Wolfsberg is a chateau 2 leagues from Constance, well situated on a height above the Untersee. The view from the house and sloping lawn of the lake, and the Isle of Reichenau, is very pleasing, though it cannot boast the grandeur of Swiss scenery in general.


Colonel and Madame Parquin are its proprietors, but devolve on Madame Benezil, a very active good humoured person, all the details of the establishment.

I’ve been free to wander the grounds on each of my visits with not a single person in sight, allowing me to play king of the castle and pretend to be one of Parquin’s hotel guests from the 1830s. I could only presume that Madame Benezil, along with the colonel and his wife, were on holiday in Strasbourg.

UBS Wolfsberg 14.07.2015

The price is 10 francs a-day, and 4 for servants. The accommodation is so superior to that of Interlachen, that it cannot be considered dear. There is one private sitting room. The salon is very large, and the society generally a mixture of French, Germans, Russians, Italians, and English, who meet in the evenings, when dancing, music, and charades amuse the younger, and chess and cards the elder part of the company. As Monsieur and Madame Parquin are very well-educated and agreeable people, the tone of the society is particularly good, and there is very little risk of meeting objectionable persons.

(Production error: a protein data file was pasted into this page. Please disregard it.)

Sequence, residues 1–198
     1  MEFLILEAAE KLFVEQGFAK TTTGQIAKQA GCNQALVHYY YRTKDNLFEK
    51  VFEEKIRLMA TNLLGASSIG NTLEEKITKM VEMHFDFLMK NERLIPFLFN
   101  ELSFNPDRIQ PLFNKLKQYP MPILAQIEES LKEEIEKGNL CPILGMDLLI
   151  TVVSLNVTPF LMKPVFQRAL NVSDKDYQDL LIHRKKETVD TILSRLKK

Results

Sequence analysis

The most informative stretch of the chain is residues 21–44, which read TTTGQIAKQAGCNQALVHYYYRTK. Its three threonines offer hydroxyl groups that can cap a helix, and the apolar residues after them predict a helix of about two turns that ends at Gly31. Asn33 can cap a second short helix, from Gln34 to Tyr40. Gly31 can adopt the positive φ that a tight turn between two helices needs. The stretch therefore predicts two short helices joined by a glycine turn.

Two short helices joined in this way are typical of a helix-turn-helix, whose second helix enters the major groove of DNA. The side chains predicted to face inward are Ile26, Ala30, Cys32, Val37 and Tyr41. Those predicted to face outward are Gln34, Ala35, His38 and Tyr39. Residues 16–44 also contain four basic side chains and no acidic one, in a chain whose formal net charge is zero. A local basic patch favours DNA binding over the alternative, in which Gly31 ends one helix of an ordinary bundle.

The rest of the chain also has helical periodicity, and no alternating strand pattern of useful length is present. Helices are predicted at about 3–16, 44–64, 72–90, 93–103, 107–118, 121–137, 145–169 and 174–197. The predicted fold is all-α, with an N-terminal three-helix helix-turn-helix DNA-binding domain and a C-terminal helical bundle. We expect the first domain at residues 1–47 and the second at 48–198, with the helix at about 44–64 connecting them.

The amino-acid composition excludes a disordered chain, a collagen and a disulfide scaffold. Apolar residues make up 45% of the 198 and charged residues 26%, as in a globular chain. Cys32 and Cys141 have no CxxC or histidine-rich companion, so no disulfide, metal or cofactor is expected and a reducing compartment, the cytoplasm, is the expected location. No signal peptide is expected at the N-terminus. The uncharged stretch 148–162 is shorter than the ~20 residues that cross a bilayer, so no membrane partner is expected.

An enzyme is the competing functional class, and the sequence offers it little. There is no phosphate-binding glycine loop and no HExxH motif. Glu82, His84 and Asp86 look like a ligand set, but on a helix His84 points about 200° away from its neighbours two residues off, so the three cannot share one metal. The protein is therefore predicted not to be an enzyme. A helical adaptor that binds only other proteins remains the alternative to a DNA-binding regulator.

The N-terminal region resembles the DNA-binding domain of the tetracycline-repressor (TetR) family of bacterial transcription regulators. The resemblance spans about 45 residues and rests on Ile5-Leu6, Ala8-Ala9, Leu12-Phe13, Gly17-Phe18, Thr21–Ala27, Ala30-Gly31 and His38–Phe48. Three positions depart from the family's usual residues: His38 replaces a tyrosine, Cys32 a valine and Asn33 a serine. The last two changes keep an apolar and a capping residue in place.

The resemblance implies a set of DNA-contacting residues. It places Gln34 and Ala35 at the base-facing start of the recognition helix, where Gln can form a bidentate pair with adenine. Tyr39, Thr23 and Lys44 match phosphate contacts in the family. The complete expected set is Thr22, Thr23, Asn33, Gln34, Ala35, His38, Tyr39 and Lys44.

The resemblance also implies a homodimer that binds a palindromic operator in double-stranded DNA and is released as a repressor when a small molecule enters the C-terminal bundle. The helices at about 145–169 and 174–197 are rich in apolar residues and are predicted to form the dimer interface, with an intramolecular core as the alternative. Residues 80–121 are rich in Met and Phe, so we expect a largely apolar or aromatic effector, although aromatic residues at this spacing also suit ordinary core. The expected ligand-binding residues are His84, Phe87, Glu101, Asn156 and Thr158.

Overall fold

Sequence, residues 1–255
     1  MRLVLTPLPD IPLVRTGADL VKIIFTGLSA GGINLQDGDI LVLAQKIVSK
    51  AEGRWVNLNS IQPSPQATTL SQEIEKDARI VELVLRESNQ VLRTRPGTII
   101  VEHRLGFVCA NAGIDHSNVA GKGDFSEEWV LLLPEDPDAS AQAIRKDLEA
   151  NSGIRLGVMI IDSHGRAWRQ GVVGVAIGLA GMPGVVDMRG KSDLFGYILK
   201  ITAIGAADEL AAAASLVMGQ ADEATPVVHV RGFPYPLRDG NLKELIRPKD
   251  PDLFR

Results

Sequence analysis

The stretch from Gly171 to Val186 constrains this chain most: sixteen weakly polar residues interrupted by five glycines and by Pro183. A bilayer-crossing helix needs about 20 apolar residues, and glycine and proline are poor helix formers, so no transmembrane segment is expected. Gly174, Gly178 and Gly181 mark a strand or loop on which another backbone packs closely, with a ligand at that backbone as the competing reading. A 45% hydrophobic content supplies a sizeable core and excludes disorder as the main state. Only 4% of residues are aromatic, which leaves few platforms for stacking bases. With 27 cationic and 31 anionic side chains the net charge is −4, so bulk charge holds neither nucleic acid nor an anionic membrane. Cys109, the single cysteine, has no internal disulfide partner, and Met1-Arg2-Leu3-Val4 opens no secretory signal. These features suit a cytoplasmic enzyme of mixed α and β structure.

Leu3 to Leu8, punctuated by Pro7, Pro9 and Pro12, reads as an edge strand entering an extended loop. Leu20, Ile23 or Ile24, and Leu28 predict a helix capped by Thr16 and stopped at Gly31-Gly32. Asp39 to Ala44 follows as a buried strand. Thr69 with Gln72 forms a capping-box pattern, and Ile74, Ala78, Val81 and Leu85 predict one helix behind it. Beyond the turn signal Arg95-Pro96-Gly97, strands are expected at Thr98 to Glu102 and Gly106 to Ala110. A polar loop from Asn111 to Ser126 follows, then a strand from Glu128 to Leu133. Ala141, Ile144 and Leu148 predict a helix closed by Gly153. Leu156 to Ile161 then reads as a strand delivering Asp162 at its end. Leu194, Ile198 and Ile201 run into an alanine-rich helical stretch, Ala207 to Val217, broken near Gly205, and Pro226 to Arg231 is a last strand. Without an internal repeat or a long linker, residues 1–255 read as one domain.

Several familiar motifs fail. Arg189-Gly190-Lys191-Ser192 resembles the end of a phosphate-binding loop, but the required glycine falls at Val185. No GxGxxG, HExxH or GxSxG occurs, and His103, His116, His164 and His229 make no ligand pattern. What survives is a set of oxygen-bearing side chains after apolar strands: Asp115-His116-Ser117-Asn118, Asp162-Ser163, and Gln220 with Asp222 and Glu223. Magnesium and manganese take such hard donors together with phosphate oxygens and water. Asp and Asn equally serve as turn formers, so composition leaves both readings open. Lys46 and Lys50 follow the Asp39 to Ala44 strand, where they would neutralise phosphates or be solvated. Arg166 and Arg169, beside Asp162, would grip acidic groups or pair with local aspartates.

Written by somebody from the wealthy English upper classes, and guests having included Chateaubriand, Alexandre Dumas, Madame Récamier and Franz Liszt, as well as Napoleon III obviously, I presumed “an objectionable person” would be somebody who could not afford the 10 francs a day, plus the 4 francs for their servants.

If travellers stay less than a week they pay 12 fr a-day.

Ah, that should put off the “objectionable” riff raff.


Rides in the woods on donkeys, boating-parties, and excursions to the chateaux and points-de-vue in the neighbourhood, occupy the morning.